If you’re trying to embrace a green living lifestyle for you and your children, you’ve likely taken a good, hard look at your household chemicals, cleaners, cosmetics, etc. There are certainly plenty of toxins in those products. But what about the house itself? We often think of our houses as passive structures, but they are actually their own ecosystems. They live, they age, they even breathe! And they get sick.
Don’t worry — no need to call an exorcist. You can detox your house yourself. The first step is to understand how houses work and how to make them thrive.
Indoor Air Quality (Or Lack Thereof)
Many people assume their houses are sealed off from the outdoors, completely self-contained. However, your home is essentially a giant filter. It draws in air, recirculates it, and expels it. Your house is a membrane between the interior and exterior environments. And if that membrane is blocked, you’re family is breathing stale air. On the flip side, all your household chemicals could be polluting the air outside.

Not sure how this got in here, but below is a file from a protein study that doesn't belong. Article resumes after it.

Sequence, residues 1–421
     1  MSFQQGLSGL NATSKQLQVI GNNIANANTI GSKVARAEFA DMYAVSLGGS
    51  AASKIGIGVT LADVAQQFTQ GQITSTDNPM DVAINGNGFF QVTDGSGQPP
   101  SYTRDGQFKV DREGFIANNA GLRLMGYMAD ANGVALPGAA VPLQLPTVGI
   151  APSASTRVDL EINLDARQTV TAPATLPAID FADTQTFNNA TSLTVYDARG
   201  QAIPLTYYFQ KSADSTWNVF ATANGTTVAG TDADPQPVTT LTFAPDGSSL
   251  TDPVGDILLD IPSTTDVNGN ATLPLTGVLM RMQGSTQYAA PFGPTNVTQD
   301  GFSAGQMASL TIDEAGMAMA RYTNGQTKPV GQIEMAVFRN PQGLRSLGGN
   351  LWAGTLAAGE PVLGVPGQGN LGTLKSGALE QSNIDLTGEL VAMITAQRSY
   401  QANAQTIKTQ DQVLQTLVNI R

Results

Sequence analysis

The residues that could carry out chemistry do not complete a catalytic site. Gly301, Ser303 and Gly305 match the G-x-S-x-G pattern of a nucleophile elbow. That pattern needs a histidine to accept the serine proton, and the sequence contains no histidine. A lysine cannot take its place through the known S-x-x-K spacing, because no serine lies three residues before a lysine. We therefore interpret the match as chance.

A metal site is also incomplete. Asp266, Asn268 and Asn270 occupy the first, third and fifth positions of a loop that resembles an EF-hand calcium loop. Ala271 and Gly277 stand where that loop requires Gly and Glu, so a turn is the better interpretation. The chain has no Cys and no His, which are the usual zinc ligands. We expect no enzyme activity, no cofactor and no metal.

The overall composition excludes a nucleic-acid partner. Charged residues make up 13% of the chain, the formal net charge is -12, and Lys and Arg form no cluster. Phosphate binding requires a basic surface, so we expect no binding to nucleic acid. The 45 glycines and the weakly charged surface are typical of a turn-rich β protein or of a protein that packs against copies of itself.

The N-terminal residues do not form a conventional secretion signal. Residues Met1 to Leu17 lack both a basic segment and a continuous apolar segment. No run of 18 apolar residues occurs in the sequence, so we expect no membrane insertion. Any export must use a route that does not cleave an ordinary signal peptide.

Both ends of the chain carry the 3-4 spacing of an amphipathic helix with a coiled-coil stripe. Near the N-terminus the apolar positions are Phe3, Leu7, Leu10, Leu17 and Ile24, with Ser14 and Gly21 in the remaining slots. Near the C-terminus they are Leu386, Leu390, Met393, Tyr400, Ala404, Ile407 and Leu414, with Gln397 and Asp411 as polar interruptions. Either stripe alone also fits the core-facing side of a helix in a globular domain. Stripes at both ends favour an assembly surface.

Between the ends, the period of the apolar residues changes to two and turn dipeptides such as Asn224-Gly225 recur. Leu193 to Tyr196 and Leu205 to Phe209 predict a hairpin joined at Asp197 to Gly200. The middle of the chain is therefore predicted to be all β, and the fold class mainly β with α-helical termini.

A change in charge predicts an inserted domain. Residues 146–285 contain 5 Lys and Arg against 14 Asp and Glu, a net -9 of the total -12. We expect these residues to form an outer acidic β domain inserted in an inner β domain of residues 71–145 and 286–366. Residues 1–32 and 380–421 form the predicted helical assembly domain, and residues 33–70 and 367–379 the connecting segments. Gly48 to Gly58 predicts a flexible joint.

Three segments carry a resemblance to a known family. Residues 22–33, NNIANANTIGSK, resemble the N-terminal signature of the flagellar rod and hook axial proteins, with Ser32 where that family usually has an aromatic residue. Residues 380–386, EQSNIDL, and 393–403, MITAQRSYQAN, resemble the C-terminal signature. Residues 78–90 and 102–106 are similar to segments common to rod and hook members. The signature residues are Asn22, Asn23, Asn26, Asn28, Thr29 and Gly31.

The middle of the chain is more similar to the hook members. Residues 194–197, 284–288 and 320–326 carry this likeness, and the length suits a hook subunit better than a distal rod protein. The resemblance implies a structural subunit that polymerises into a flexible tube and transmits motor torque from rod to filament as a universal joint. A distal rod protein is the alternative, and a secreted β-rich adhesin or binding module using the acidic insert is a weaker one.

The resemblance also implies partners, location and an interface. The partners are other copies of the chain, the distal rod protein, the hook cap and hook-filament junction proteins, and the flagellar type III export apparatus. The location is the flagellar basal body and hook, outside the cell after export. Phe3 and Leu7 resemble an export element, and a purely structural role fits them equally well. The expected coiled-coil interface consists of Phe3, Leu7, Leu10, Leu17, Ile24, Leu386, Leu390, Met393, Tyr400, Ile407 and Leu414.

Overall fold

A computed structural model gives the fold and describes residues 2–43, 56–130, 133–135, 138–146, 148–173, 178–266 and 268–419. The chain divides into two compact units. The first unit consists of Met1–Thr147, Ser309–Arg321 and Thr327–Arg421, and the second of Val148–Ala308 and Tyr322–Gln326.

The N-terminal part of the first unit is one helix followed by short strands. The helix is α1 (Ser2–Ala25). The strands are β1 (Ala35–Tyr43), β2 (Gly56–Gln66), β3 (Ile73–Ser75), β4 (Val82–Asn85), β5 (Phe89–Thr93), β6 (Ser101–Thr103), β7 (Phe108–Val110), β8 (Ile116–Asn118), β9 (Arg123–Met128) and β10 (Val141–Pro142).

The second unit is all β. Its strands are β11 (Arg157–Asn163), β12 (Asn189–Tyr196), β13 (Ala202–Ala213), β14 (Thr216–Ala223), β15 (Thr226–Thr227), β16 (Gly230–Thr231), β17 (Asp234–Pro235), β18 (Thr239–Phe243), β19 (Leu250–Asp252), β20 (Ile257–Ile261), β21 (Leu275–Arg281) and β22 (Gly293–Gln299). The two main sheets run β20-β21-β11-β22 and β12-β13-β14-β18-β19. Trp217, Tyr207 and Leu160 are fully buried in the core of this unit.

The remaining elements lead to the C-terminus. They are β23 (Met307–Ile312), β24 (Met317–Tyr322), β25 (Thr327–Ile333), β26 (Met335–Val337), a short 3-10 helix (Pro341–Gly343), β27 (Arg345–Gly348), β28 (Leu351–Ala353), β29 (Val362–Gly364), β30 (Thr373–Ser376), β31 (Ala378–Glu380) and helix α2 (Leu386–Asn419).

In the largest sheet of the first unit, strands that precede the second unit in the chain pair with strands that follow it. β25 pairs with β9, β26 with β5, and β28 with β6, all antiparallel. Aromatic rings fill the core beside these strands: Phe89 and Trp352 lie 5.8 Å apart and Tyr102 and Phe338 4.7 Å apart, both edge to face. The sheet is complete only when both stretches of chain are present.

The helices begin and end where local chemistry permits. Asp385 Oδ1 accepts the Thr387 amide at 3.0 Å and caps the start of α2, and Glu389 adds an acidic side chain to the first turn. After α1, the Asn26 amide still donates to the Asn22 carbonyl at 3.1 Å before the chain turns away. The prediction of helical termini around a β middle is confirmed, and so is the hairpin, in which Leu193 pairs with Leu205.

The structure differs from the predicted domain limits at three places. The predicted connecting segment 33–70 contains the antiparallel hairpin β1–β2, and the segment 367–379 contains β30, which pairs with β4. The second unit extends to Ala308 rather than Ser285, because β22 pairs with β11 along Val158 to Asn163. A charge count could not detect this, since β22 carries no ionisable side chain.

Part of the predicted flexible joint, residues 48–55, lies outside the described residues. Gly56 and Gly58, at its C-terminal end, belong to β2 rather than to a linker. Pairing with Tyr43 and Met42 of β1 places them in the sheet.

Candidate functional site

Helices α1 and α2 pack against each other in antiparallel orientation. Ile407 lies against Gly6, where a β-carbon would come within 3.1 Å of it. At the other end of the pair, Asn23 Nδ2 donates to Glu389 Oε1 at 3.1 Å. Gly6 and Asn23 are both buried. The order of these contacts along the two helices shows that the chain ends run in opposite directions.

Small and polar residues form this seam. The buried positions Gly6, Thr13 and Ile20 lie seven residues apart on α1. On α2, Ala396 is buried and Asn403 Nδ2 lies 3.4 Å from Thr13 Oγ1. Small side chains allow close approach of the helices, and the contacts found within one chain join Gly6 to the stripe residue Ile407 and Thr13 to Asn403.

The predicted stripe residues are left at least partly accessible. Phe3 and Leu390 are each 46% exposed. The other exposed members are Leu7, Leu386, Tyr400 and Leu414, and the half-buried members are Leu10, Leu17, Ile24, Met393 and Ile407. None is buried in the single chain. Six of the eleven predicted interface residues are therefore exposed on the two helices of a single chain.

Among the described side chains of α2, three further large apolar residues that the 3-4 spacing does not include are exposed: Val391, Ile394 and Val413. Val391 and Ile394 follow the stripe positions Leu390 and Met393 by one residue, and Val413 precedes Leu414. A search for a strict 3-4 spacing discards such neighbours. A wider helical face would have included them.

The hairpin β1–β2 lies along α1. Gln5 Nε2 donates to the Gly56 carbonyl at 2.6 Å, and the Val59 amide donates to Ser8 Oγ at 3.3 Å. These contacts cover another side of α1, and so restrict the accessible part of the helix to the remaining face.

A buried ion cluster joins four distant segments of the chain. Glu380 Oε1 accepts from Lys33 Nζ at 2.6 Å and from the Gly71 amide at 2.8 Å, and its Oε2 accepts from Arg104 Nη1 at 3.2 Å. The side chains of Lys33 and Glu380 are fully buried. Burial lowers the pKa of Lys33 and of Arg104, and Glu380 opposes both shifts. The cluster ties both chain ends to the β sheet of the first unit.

Indoor air quality (IAQ) is a primary concern of building science. As we’ve studied the chemistry and physics of buildings, we’ve learned just how important IAQ is to human health. For the past few decades, people have gradually spent more time indoors. This was partly due to concern about outdoor pollution such as smog. Now, though, we know that indoor levels of pollutants are more than 100 times higher than outdoor levels! Everything from mold spores to bacteria and viruses to smoke to vapors from toxic materials can spread throughout a building — then get trapped there, continuing to accumulate and circulate.